Remo Repair Excel – Repairs heavily corrupted Excel files and claims to recover lost Excel documents in just 3 steps.

Be sure to only download recovery software from trusted providers. Scan downloads for malware before installing. Follow all on-screen instructions carefully during the file recovery process.

How to Avoid Losing Work in the Future

Losing unsaved work is a painful lesson about the importance of regularly pressing save. Here are some tips to avoid a repeat data disaster:

– Turn on AutoRecover in Excel to automatically save your work at regular intervals.

– Set reminders to save your work every 5-10 minutes.

– Save different versions as you work using Save As to create file backups.

– Store files on cloud sync services like OneDrive or Dropbox for real time backup.

– Use version history in cloud services to restore previous drafts.

– Back up your computer regularly to preserve previous versions of files.

– Open crucial Excel files from the backup copy first to avoid overwriting with unsaved changes.

– Close files properly and check for unsaved changes prompts before exiting Excel.

Losing work is always frustrating, but being diligent about saving and backing up your files can help you avoid most data disasters in Excel and other Office apps. Following the recovery steps in this guide will hopefully help you get back that important unsaved work when needed. Just be sure to reinforce good file management habits going forward.

Frequently Asked Questions

What are some common reasons Excel files become unsaved?

The most common reasons Excel files become unsaved include:

– Forgetting to manually save your work
– A crash, freeze, or force quit causing premature exit
– A power outage or computer shut down before saving
– Accidentally closing the file without saving changes
– File corruption errors preventing saving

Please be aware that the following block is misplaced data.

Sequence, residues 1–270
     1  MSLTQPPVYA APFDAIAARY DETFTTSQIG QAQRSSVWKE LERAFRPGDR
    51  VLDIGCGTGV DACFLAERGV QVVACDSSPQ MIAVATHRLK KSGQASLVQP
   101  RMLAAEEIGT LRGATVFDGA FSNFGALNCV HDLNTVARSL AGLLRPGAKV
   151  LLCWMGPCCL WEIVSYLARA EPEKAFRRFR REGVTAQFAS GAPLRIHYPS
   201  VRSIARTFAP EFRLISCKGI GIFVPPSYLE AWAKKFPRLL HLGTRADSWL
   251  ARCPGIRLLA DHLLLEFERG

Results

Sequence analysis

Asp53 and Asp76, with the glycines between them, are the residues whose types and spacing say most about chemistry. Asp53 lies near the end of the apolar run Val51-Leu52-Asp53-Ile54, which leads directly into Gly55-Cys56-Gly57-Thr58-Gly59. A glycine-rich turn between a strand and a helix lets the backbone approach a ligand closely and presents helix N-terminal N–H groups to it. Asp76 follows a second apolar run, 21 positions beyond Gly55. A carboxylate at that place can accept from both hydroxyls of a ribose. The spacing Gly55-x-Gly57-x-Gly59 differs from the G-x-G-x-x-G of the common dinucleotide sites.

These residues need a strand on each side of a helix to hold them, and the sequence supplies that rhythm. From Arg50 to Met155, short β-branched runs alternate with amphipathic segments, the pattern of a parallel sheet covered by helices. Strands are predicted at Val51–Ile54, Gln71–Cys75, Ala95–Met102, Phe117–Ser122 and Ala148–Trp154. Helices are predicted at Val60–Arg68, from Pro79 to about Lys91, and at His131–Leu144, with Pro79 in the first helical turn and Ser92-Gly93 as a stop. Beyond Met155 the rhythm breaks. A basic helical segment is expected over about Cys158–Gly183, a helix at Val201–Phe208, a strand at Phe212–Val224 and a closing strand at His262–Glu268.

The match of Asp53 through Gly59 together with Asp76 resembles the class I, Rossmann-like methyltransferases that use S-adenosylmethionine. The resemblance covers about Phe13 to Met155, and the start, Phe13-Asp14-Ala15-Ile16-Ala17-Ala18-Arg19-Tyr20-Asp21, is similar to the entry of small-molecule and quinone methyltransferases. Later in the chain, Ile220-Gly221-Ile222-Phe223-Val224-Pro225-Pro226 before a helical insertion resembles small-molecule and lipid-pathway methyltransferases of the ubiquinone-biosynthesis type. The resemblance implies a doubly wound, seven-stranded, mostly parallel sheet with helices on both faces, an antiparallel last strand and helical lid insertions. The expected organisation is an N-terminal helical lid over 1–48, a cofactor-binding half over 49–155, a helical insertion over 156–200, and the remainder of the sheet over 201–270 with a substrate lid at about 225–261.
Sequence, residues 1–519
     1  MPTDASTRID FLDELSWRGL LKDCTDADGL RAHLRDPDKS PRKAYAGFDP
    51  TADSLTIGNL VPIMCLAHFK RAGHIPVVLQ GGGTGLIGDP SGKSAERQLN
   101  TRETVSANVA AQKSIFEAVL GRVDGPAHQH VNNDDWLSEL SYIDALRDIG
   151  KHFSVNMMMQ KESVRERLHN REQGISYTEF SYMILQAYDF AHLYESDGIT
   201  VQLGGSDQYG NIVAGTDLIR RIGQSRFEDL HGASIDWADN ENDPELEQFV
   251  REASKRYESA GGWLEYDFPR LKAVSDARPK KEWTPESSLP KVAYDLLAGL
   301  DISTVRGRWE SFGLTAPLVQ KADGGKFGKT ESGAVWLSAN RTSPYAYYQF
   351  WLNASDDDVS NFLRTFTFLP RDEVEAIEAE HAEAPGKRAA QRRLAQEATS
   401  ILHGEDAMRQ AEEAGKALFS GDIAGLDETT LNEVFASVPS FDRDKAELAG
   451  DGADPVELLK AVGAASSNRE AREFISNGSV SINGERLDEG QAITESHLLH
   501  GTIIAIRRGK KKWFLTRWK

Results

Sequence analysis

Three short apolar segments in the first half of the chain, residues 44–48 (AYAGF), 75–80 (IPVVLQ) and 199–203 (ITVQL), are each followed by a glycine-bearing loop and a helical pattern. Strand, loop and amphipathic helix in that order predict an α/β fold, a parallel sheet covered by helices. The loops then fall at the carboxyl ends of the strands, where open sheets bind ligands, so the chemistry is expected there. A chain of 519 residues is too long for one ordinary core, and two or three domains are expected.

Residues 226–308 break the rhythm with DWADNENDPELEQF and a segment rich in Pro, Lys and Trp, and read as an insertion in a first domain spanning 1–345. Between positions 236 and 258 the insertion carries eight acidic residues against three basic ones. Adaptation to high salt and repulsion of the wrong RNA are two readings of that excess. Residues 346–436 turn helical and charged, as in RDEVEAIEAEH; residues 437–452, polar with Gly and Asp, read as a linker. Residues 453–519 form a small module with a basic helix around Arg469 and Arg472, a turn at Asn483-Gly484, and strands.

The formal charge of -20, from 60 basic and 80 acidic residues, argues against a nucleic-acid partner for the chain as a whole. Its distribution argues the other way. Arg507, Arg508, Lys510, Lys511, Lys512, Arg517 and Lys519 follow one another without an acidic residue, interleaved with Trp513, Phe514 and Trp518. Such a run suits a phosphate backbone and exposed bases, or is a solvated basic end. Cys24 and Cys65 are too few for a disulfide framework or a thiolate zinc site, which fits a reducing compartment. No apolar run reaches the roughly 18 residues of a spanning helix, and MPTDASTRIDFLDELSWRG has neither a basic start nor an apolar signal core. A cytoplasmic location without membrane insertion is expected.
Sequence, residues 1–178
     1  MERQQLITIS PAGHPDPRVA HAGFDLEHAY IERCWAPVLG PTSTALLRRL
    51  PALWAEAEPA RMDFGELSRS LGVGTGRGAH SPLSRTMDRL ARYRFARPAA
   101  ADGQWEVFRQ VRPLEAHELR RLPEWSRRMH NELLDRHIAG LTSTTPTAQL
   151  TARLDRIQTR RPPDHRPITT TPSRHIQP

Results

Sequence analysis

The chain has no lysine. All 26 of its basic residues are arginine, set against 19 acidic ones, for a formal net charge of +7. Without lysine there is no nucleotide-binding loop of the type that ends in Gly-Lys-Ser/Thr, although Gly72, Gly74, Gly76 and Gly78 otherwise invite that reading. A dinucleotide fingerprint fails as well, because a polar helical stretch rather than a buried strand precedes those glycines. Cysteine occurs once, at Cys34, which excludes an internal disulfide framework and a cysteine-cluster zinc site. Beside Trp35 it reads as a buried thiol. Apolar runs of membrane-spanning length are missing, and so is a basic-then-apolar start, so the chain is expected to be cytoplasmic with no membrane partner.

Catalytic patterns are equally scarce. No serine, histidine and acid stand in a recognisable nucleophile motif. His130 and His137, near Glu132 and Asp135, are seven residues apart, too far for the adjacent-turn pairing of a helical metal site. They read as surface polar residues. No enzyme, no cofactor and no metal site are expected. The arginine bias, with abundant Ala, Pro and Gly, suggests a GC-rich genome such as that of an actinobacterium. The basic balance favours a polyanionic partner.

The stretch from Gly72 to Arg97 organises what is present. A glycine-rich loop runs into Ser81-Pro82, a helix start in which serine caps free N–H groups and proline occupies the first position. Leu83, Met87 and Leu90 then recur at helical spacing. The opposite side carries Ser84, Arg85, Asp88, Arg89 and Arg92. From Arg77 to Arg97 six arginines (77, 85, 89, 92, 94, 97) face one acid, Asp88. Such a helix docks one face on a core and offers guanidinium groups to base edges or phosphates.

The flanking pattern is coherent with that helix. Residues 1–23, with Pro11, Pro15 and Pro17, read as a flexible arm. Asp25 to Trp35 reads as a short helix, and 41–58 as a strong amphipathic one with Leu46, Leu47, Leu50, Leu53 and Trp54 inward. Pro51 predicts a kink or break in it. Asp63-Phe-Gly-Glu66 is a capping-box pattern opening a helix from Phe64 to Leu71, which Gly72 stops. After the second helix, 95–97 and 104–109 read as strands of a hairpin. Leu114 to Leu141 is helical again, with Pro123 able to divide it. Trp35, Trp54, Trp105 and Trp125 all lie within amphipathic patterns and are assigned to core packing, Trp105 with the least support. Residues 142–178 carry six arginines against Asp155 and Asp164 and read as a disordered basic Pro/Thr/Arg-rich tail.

Where does Excel store temporary files?

Excel’s temporary file location depends on your operating system:

– Windows: C:\Users\[Username]\AppData\Local\Temp\
– Mac: ~/Library/Containers/ Support/Microsoft/Office/Temp

Check these folders for any temporary versions auto-saved by Excel.

Can you recover an old, deleted Excel file?

It is often possible to recover old, deleted Excel files using file recovery software as long as the file has not been fully overwritten. You can also restore previous versions from cloud backups like OneDrive or Dropbox if available.

What are some best practices for avoiding lost Excel work?

Save your work frequently, set auto-save to every 10 minutes or less, keep backups on external drives or the cloud, close files properly, watch for unsaved changes warnings, and use version history when available.

What should you do if Excel crashes before you can save?

If Excel crashes before you save, first try to recover your data from AutoRecover files or the Temp folder. If that fails, use data recovery software to scan for unsaved file fragments. In the future, be sure to save frequently to avoid crashes resulting in data loss.


Recovering unsaved Excel files is often possible if you act quickly and use the right techniques. Check temporary folders, search your hard drive, recover from backups or AutoSave files, or use a dedicated recovery tool. Most importantly, learn to save your work often and utilize automatic backup options like OneDrive and Time Machine. With the right recovery plan in place, you can minimize frustration and avoid having to redo lost work should an Excel file ever become unsaved again.